BARRACUDA – Christos Tsiolkas
Christos Tsiolkas’ Barracuda, a big-hearted social realist novel set in Melbourne. You might have read Tsiolkas’ previous novel, 2008’s The Slap; his analysis of middle-class Australian culture and its relationship to the subcultures around it was a worldwide success.
This new novel is about success and failure, and what it means to be a good man.
Danny, a young teenager from a working-class family, has a dream of sporting success and a body that will help him achieve it. Like many young men in this position, he is given access to a great school, a passionate coach and the chance to make a heroic dash for the prize. But at what cost to his family, his friends and his sense of what is right?
Danny finds he can’t always achieve what he sets out to do, and the shame that comes with this is the subject of his struggle. He is gay in a group of straights, working class in a group of well-to-do boys, a wog in a sea of skips. Why can’t his parents be more like those of his new friends? What does it mean to be really different, when your body won’t do what you want it to do? And who do you trust in this life: your mentors, your parents, your friends? Are they all doing just what they need to do to get ahead?
As Christos Tsiolkas says in the Monthly Book interview:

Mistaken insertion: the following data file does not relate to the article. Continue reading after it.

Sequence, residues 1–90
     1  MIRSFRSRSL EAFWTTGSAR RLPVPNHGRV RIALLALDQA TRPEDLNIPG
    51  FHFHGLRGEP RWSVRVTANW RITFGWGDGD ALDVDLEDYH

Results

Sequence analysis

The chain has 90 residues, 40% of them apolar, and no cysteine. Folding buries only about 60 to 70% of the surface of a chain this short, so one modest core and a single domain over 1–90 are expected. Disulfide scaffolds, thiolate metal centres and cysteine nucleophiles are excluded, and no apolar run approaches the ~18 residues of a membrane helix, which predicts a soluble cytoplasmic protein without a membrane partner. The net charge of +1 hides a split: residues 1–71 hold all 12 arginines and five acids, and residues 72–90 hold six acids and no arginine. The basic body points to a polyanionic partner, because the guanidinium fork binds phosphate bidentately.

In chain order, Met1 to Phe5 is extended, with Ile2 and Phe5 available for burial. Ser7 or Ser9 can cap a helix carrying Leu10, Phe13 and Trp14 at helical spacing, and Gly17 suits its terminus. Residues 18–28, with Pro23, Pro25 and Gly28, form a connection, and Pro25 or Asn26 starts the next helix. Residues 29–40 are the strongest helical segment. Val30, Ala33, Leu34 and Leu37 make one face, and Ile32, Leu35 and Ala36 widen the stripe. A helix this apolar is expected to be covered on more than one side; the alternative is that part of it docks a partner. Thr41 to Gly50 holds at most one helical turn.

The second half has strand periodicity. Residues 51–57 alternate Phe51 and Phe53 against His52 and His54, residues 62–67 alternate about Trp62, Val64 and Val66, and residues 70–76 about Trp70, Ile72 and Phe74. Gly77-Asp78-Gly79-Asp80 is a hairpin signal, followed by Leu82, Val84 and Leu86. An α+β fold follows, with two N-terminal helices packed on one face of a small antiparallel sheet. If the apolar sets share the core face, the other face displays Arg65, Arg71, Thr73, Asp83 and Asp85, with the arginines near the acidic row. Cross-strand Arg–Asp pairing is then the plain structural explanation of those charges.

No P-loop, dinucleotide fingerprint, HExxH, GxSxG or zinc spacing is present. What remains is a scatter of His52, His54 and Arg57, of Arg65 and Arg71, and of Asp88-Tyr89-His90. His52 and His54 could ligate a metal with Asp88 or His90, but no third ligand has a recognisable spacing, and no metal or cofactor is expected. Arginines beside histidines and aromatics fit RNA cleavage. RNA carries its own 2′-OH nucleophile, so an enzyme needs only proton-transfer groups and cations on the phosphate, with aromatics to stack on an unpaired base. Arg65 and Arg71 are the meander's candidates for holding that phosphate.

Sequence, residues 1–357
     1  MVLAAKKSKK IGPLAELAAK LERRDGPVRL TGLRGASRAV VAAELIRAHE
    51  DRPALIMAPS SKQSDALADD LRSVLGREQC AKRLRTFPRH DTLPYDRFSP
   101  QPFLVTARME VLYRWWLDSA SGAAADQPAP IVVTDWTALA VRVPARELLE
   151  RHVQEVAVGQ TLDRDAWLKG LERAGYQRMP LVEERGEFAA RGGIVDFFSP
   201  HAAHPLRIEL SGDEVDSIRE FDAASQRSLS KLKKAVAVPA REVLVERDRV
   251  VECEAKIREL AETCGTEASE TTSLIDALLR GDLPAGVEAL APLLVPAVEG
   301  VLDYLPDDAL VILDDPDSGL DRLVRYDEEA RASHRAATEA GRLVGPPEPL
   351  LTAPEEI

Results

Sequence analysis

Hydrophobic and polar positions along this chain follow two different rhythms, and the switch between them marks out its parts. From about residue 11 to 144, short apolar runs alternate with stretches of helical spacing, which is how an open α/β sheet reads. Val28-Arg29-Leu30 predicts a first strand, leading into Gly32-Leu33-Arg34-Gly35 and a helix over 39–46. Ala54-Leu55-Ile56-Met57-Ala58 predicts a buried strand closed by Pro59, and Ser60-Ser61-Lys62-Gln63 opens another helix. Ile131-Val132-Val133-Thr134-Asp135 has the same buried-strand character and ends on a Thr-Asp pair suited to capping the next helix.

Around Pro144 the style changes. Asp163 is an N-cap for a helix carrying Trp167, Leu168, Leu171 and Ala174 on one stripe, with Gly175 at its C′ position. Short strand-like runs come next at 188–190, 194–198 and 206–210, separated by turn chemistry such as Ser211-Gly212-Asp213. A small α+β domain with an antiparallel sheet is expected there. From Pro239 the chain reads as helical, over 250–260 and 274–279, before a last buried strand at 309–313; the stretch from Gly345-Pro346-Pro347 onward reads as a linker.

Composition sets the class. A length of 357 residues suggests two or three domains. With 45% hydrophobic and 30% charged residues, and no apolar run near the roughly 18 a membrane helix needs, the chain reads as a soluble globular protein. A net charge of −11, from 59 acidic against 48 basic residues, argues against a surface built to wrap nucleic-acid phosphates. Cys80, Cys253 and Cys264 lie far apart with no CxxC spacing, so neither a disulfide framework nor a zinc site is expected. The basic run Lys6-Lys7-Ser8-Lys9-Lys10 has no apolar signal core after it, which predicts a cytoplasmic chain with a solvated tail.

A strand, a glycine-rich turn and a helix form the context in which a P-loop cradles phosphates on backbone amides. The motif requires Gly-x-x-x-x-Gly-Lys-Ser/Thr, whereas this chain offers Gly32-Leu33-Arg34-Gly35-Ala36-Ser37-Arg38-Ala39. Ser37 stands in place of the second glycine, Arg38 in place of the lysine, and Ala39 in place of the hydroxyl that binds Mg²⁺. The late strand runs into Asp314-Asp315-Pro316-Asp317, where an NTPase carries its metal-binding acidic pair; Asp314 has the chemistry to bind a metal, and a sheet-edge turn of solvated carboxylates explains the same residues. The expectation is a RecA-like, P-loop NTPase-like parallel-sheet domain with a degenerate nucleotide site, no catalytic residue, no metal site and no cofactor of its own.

“I think that ethos of ‘the winner takes it all’ – of the individual who, by their own talent or genius, is successful as if they are disconnected from the social, from family, from everything – I think that’s one of the plagues (laughs) in our society at the moment. So I was very aware of that as a writer. And I could see it in someone like Danny that that too was, I think, a destructive thing … I think the thing about the hero in something like sports, say, with swimming or football, with young men like Danny, is the aspiration is to be Superman. And when they’re being Supermen, we are cheering them, and we are making them gods, and we are giving them licence to believe that they stand alone, that they can be anything they want to be. But they make one mistake, and we tear into them.”
It’s a coming-of-age novel that isn’t afraid to look into the darkness of the human heart and the murky world of developing sexuality.
And it takes on a technically difficult task: how do you keep a reader engaged in the repetitions of effort required in training and the winning of race after race in the waters of a variety of swimming pools?
Here’s Christos again:
“There are a series of words and expressions, and a couple of phrases, that form a chorus in the book. That’s one thing I wanted to do, but part of the work on the book was actually making sure that I didn’t overuse them, that they didn’t become banal by then. So that was one of the tasks.
… the breathing part, you know, the breathing in and the breathing out … and the other thing I wanted to do, and this was a real challenge, was how do you convey to a reader the discipline and actually the monotony that is part of that swimming process?”
Christos Tsiolkas succeeds mightily in this task of keeping the reader engaged, and Danny’s life and his intensities will stay with you long after you’ve finished the book. You might even detect a longing to dive into the water and test yourself against its force.